“The dead bird and the many positive mosquito pools serve as a warning that the virus continues to pose a risk to people,” said Tabi Prochazka, Environmental Health Coordinator for Panhandle Public Health District
Prochazka urges residents to follow simple precautions to protect themselves and their families.
• Use a mosquito repellent that has DEET.
• Wear long-sleeved shirts, long pants, shoes and socks.
• Take extra precautions when going outdoors at dawn and dusk when mosquitoes are most active.
• Get rid of standing water.
• Add larvicides to animal drinking troughs.
• Keep window screens in good condition.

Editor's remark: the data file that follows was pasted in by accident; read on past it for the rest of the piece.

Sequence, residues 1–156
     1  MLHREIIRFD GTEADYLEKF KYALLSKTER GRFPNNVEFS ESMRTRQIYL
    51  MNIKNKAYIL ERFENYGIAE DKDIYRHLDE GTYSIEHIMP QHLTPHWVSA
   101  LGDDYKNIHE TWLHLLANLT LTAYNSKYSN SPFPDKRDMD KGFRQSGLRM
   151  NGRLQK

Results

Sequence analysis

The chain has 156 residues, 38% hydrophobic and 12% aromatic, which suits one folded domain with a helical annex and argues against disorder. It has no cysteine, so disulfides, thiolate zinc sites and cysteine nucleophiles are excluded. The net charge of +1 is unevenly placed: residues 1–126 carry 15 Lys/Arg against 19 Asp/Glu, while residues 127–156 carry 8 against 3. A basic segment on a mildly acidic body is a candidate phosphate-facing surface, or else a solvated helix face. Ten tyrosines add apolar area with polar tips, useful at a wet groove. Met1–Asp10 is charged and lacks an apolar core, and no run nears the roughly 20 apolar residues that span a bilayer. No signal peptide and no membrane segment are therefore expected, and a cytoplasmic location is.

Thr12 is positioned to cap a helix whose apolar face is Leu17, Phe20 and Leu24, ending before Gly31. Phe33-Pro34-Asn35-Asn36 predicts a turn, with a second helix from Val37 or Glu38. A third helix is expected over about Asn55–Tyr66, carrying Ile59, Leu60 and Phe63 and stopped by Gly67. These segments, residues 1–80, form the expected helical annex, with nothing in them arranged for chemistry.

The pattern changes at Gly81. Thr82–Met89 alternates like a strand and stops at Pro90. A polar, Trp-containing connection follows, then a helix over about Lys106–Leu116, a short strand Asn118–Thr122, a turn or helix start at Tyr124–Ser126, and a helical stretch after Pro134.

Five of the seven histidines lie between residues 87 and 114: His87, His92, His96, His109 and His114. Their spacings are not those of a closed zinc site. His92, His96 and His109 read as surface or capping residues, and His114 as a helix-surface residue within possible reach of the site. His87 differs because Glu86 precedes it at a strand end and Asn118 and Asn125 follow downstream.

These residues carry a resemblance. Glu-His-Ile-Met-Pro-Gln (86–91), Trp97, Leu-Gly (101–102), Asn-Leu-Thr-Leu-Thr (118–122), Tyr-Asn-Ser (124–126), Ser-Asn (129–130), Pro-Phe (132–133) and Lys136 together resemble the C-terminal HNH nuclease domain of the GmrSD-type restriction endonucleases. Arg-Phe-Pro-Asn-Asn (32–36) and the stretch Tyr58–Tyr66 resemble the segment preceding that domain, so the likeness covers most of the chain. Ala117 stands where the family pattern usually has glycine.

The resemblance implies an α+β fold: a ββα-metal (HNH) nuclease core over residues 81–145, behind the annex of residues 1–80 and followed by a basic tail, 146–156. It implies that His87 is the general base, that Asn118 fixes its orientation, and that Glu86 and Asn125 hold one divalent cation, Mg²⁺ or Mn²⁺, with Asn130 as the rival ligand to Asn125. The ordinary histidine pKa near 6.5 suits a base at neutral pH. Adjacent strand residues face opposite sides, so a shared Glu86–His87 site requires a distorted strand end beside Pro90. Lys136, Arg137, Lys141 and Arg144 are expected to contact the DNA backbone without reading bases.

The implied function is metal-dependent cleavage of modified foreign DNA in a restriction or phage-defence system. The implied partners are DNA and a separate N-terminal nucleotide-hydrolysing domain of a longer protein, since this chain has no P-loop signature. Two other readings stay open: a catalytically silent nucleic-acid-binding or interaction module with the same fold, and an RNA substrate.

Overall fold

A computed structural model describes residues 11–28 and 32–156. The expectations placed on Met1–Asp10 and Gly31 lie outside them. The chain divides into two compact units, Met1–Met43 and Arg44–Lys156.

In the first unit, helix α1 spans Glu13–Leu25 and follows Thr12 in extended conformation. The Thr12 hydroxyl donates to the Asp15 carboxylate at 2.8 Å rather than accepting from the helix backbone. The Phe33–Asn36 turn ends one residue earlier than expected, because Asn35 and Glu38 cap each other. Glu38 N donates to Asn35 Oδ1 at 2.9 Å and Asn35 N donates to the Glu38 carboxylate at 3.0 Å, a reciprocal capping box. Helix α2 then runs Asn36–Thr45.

“West Nile is passed through the bite of a mosquito that has picked up the virus by feeding on an infected bird,” said Prochazka. In turn, the mosquito can pass the virus to humans. Routine mosquito trapping sites are in four Panhandle counties.
PPHD will continue the collection of dead birds and mosquitoes. Citizens may call 308-487-3600 ext 107 or toll free at 866-701-7173 ext 107 to report a dead bird. Testing will be done on birds that have died within 24 hours, with no signs of maggots or rotting. Testing on all birds will be carried out this year.
West Nile is flu-like signs such as fever and muscle weakness. Signs of West Nile encephalitis are swelling of the brain, disorientation, seizures and paralysis. People over 50 and those with weak immune systems are at a higher risk for the disease.